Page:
Beware Mega-Merger Mania
By: Dividend Sensei
As the second longest bull market in history continues to age, (and hit all time highs), merger & acquisition or M&A activity continues to heat up. This can lead to some very nice short-term pops for investors in the company being acquired. However, I feel the need to warn investors to avoid buying shares of a company on takeout rumors, because such a strategy is a highly speculative one fraught with peril.
Take for example the recent 9% pop in Mondolez (MDLZ) on rumors that Kraft Heinz will buy out the cookie and cracker giant. On the surface it makes sense for a slow growing food conglomerate to buy another food giant, because organic growth is tough to come by in this industry.
BUT let’s not forget that Kraft, which was itself spun off from Phillip Morris (now Altria), then spun off Mondolez back in 2012. At the time management claimed this would unlock shareholder value, so I’m dubious as to how suddenly now repurchasing what Kraft once owned, for a likely takeout price of $82 billion, would be good for shareholders.
This actually gets at another important lesson investors need to consider. Just as it almost never makes sense to overtrade, it also doesn’t make sense for companies to constantly churn the same assets, buying, selling, and buying again the same brands, each time for a greater premium.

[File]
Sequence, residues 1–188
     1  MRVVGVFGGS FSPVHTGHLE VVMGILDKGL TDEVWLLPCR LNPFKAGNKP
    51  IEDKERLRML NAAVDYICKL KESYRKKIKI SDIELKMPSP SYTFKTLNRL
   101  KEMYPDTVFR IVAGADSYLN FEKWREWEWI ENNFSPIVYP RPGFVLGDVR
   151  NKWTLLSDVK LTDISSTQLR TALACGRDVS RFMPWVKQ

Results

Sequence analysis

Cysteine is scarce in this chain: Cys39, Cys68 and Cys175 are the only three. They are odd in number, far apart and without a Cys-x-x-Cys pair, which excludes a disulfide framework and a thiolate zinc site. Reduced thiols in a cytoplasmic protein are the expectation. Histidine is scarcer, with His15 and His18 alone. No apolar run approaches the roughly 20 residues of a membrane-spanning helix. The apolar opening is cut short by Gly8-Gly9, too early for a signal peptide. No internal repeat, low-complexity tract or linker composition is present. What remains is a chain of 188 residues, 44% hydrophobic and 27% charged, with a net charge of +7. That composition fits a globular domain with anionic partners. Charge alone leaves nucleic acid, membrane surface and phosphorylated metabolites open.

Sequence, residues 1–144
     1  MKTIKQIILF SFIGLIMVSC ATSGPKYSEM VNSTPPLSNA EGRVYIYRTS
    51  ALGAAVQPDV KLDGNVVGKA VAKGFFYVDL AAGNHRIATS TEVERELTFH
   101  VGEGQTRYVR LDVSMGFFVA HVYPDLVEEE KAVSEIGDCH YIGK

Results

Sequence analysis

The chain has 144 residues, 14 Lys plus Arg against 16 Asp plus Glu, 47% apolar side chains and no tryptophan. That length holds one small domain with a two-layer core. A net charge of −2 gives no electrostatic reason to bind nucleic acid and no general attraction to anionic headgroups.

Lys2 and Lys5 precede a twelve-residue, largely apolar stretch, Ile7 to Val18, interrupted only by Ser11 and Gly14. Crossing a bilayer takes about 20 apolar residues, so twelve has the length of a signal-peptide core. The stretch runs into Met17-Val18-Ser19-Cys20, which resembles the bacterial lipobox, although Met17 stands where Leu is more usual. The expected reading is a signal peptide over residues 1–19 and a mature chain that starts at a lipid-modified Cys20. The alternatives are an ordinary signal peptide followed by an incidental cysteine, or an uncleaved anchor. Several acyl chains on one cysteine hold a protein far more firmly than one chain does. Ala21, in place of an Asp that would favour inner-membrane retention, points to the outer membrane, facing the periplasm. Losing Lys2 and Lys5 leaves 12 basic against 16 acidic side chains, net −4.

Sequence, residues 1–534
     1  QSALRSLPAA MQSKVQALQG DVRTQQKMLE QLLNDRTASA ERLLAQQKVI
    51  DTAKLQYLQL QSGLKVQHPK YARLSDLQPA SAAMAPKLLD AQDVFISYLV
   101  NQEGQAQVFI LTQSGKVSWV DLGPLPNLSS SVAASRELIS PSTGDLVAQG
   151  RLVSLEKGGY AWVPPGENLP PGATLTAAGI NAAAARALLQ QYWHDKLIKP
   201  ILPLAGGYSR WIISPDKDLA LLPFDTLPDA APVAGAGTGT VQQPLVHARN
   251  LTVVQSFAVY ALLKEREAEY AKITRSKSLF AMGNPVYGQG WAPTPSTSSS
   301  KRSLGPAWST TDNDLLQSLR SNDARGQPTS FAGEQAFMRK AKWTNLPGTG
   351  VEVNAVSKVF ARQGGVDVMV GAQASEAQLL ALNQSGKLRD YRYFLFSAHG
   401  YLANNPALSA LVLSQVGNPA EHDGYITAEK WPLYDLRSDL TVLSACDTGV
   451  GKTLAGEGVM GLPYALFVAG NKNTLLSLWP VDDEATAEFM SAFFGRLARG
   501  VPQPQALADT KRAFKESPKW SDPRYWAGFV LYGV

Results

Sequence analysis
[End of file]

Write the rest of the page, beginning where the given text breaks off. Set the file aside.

This results in a ton of goodwill on the balance sheet, which often ends up getting written off as a loss that delivers a big blow to earnings. That makes intuitive sense given that if a company spins off assets, and then buys them back later at a higher price, it’s the same as if management were buying high, and selling low.
Personally, as a dividend growth investor I appreciate a good conglomerate, whose business model includes a diversified cash flow stream that secures the payout, and allows it grow into the future. Which is why I am such a fan of Johnson & Johnson (JNJ), and 3M (MMM), who are disciplined in their acquisition approach and generally avoid churning through assets in what is generally just a sign of poor management.
After all, high paid CEOs need to earn their giant comp packages, which can run into the tens of millions a year in salary and stock. One way of doing this is to change corporate strategies, and either attempt to build an empire, ie growth at all costs, or to break up the former CEO’s acquisitions. In the meantime investment banks, who make millions from M&A and spin off advising, are all too willing to herald every new deal as a great win for investors.
In reality, it’s no different than asking your barber if you need a haircut. Of course the person who will profit from the transaction will be in favor of it. Which is why long-term dividend investors need to be skeptical of M&A deals, and always invest with a long-term view of a company’s cash flow.
This can help you not just treat your portfolio like a cash flow focused business, but also potentially avoid buying some poorly run companies that will hinder your ability to reach your long-term financial goals.
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